Tracing Cross Border Web Tracking
Costas Iordanou, TU Berlin and UC3M
Georgios Smaragdakis TU Berlin
Ingmar Poese BENOCS
Nikolaos Laoutaris Data Transparency Lab and Eurecat
IMC ’18 Proceedings of the Internet Measurement Conference 2018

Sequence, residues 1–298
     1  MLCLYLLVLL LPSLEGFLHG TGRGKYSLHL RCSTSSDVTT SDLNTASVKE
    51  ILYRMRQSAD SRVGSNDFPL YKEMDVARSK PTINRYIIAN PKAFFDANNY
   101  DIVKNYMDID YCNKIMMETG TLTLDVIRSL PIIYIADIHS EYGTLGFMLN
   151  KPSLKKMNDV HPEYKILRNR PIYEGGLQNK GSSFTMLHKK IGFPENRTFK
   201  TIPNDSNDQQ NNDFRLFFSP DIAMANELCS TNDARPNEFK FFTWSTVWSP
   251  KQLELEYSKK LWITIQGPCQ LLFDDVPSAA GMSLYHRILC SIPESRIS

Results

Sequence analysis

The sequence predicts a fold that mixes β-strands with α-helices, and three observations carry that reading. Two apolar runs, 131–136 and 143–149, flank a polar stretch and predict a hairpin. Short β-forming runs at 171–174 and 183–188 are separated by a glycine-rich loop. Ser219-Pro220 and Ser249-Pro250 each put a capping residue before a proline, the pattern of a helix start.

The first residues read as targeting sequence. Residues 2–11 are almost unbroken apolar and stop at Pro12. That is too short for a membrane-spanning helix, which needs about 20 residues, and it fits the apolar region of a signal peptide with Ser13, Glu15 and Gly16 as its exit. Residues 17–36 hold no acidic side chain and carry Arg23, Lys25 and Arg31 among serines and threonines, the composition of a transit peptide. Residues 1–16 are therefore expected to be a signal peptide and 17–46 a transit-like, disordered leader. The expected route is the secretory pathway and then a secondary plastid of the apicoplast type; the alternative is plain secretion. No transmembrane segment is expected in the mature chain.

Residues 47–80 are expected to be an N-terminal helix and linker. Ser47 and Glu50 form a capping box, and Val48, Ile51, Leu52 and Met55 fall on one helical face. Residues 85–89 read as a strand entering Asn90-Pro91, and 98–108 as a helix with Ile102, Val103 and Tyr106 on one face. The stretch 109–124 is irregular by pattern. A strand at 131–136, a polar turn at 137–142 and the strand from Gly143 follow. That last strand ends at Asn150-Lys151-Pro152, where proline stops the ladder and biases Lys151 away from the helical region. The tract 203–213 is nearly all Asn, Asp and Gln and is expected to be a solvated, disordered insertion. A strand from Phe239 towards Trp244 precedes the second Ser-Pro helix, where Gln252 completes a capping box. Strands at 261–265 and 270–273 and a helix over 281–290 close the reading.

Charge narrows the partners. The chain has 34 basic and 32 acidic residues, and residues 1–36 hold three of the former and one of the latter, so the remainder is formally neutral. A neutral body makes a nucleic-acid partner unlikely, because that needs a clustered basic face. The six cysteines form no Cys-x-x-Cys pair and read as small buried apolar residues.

A tracking flow is a flow between an end user and a Web tracking service. We develop an extensive measurement methodology for quantifying at scale the amount of tracking flows that cross data protection borders, be it national or international, such as the EU28 border within which the General Data Protection Regulation (GDPR) applies. Our methodology uses a browser extension to fully render advertising and tracking code, various lists and heuristics to extract well-known trackers, passive DNS replication to get all the IP ranges of trackers, and state-of-the-art geolocation. We employ our methodology on a dataset from 350 real users of the browser extension over a period of more than four months, and then generalize our results by analyzing billions of web tracking flows from more than 60 million broadband and mobile users from 4 large European ISPs. We show that the majority of tracking flows cross national borders in Europe but, unlike popular belief, are pretty well confined within the larger GDPR jurisdiction. Simple DNS redirection and PoP mirroring can increase national confinement while sealing almost all tracking flows within Europe. Last, we show that cross-border tracking is prevalent even in sensitive and hence protected data categories and groups including health, sexual orientation, minors, and others.